Discussion in 'Off Topic' started by nebe_je_zde, Apr 6, 2006.
The world from American point of view, lol:
(click here to open a picture)
Funny links :lol: ! Saddly, for the mock map, I think many Americans probably think that is where Hawaii really is .
Well, that map is actually an Americans' point of view from an Europeans' point of view... :wink:
Being American, my first language is English too. I grew up learning it on military installations, so I like to think that my English is straightforward and a clean English. My accent is marked by a lack of accent.
2. Spanish (Intuitive understanding
4. Czech (I'm working on it!)
My mother tongue is Greek.
2nd is English but also i know few Norwegian and Swedish.
Mine is Czech
Ones I told someone (this happend in America) that I was from Czech and he was confused. I told him from Czechoslovakia and he said " ohhh central america, oh okay."
I can believe that... :lol:
OMG! :lol: How sad is that?
yea thats emberasing. I cant wait to move back home
Thanks nebe_je_zde ! Its an interested topic !
Mine is Vietnamese(Hanoian),
bessides, Vietnamese(Middle) and Vietnamese(Southern)
If I were in Prague, I could ask for food in Czech language,
I could say " Hello ! " to foreigners in English if they visited Hanoi :lol:
I will say " Tut mir sehr leid, Ich weisse nicht Deutsch.." when someone asked me something as " Sprichst Du Deutsch ?"
I can smile "fluently" in all kinds of languages !
I hope I could pass over Hungry everywhere !
Hi, newbie here.
My boyfriend was sent to prague branch and will stay 1 year there. So begin to care the country recently.
I’m the first Catalan – speaker posting here! In Barcelona, our mother tongue is Catalan, it’s one of the official languages spoken in Spain (almost 10 million people talk or can understand it). And of course, my other mother language (this would be my “grandma’s language", as she is from Andalucía, another part of the country) is Spanish, although in my daily basis I don’t have to use it. I count and dream in Catalan but I speak and write Spanish as well as I do with my language, of course.
There are other official languages in Spain (as Gallego and Euskera). It could seem quite a mess, but it’s easy when you live here. The problem is when foreign students come to Barcelona and find that the classes are not given in Spanish, but in Catalan... I must say that in this case there’s no problem in changing languages... and encourage people to learn Catalan too
I also try to speak and write English (that was obvious!), I can defend my Italian and I can understand spoken and written French. No Czech by the moment, sorry (I’ll have to improve that!)
- my mother tongue: italian
- i try to express myself in english...
- i know some words in german...(I've studied german in the school)
- i'm starting to understand something in czech, but it's the first time with a slavic language for me and it's very, very difficult!!!
then....I've studied Latin in the school and I'm italian, so i can invent many words in spanish, french and portuguese!!
:lol: sometimes it works (personal experience)! and anyway it's very funny
My native speech is english (texan-oklahoman backwoods talk). Though, both my grandparents and father speak czech-variations. By variations I mean when my grandparents & father get upset they speak mainly czech, but switch from that to german, to spanish, and to english in some kinda multi-lingual blubber, lol. I myself knew czech well until I was about 5-ish and had to go to school and was forced to learn english/spanish. Since then I only speak it very limited and only a few common phrases, nothing extensive in any way.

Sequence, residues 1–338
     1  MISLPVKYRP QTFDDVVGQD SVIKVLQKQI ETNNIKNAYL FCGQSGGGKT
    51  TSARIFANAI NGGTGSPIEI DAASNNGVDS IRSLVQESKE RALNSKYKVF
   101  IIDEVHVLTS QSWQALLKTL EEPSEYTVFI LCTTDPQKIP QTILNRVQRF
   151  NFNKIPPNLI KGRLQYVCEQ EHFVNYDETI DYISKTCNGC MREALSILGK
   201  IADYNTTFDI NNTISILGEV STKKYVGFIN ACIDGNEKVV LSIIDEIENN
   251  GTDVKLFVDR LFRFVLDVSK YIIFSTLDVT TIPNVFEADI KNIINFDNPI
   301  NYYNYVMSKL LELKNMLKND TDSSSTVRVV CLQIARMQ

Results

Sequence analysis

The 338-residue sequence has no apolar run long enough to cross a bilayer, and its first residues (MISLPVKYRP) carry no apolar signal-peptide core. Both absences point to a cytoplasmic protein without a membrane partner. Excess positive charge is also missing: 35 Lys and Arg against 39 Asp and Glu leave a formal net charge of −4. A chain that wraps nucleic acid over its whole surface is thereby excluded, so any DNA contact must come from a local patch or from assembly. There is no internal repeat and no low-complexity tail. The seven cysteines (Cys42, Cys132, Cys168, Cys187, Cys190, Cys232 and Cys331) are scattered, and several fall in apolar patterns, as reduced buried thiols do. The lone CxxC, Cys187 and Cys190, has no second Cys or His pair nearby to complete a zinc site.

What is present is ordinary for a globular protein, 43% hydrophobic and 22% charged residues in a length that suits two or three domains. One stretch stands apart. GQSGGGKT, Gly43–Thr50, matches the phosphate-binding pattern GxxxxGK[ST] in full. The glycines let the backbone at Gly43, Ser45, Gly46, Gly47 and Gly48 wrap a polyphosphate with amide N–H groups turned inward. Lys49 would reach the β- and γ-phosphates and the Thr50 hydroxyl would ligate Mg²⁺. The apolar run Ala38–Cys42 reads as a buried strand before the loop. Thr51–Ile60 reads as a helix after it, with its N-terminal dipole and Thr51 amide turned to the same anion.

and I speak and write ( obvioulsly )
English, Russian, some German, some Czech, some Bulgarian some SLovak..
I understand of course Slovak (there is no need to speak/write Slovak), as I am living near polish borders, watching polish TV, working in semi-polish company, I understand and speak Polish.
I understand a little bit (more then average czech I guess) all other slavic languages (Russian, Ukrainian, Croatian/Serbian, Slovenian, Bulgarian, Macedonian), I like them .
This summer I was talking with a serbian guy in Macedonia, we understood each other (panslavonic esperanto :wink.
Then I speak English, in case of emergency German.
And i can speak English, Swedish and understand Danish.. And i try my best to understand Czech
Czech. I was born in Germany of Czech WW2 refugee parents. Spoke Czech at home. Moved to England, and went to school at 5 and learned English. Still spoke, read, & wrote Czech at home. Went to Czech School in London on Saturdays. Came to USA in 60's. Still spoke Czech at home. Lots of Czechs in SF Bay Area, but left there in1969. In the Pacific NW there's no organized Czech community as in SF the Sokols etc. Still read Czech, write to a friend in EMail, and to family friends in Czech. Don't get to speak much any more since my mom passed away. Most of my peers spoke some Czech but not as much as I. Pavla
a bit of a follow up - I speak, read, or understand
English (Southern American, as I said)
Spanish (studied it for three years in school - use it a lot - am actually quite fluent)
American Sign Language (have several deaf friends and was very involved with the deaf community when I lived in Houston Texas. I am a designated ASL interpreter for the airport where I work)
Czech (still learning, speak and read a bit, don't write much)
Understand or can read a good bit of Italian, French, and German but speak only a little
I can say a few things in a few other languages (Russian, Chinese, Tagalog, and Polish) but usually just enough to confuse myself and everyone around me :wink: )
I guess I just have a general interest in languages - makes life more interesting.
Separate names with a comma.